Monday, September 3, 2012

Place value game - includes decimals

 Here is a box link for downloading the MS Word file.  
It includes the instructions, game board and cards.

Place value and decimal fractions feature large in the South African Grade 6 curriculum. This is a game I made to help learners become more familiar with place value, and how numbers change when we multiply or divide them with 10, or multiples of 10.

In particular I'm using this game as a springboard to get learners to think about shifting the digits to different place values, rather than blindly adding zeroes/moving the decimal point.

Learners work in groups, each group has a 'place value board' and a marker with a single digit, which starts in the Units place, and can move towards the left or right through different place values.

Teams elect to draw a yellow or red card, which will instruct them to multiply or divide by a multiple of ten - effectively, shift the digit along the board. Red cards say multiply or divide by 1000 or even 10 000; yellow cards only have 1, 10 or 100. Depending on their choice of colour and the operation on the card, they will shift their marker and write the resultant 'new total' on the card, before choosing a new one.

The first team to make it 'off the chart' on the left hand side wins. Going 'off the chart' on the right has a penalty e.g. temporary suspension from the game.

                                      *                                        *                                     *

I've tried it out once, last week.

What went well:
My girls understood what to do, got going, and all too soon one team had won.
They enjoyed the game.
When we had to do similar operations later in the week, I could remind them of the game, and they'd find their feet.

What could have been better:
I did not shuffle the cards well enough, so there were too many multiplications coming up, too few divisions. This meant one team won rather quickly.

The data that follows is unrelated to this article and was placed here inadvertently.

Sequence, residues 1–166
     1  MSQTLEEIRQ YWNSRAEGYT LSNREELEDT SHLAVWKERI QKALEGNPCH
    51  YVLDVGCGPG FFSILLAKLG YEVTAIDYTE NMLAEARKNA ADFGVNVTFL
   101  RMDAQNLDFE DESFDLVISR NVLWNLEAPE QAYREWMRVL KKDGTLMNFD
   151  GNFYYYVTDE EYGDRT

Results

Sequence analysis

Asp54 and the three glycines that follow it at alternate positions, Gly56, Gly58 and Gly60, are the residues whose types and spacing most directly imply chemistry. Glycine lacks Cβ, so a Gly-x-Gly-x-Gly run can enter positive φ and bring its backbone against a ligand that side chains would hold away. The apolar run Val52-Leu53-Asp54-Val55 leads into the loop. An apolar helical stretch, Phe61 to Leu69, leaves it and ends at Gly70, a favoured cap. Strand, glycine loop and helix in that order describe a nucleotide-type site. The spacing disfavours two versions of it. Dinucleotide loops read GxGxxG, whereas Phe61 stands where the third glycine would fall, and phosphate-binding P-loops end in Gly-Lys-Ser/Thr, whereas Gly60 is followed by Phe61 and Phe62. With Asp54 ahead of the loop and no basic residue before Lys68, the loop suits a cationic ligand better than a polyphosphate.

I should have left more time for the game, perhaps: 10 minutes for getting into groups, intro, distributing stuff; 15-20 minutes for playing, 10-15 minutes for an individual activity answering problems like the ones that come up in the game.

A note on the document (see link at the top). Here in South Africa we use a comma to indicate the decimal point - mainly at school (eccentric, I know).  We leave spaces between sets of three place values. I've adapted the Word document to follow the US convention, but anyone can change it.

This was a first try. I'm new at this and open to corrections or suggestions!

Saturday, September 1, 2012

Sunday Funday - Homework policy

It's our school policy that learners should get Maths and English homework every day Monday to Thursday. Homework should help them develop/practice skills but should not take too long - many learners travel long distances and get home tired in the late afternoon.

We've also been seeing poor compliance with homework.

The solution we've come up with (actually my Maths HoD's idea) is to create a weekly homework sheet for Maths and English classes. This gets glued into special 'Homework Books' (notebooks) on Mondays and we encourage parents to check and sign these sheets daily.  The homework on the sheet gets done in the Homework Book for the subject, which makes quick correction at the start of the lesson easy.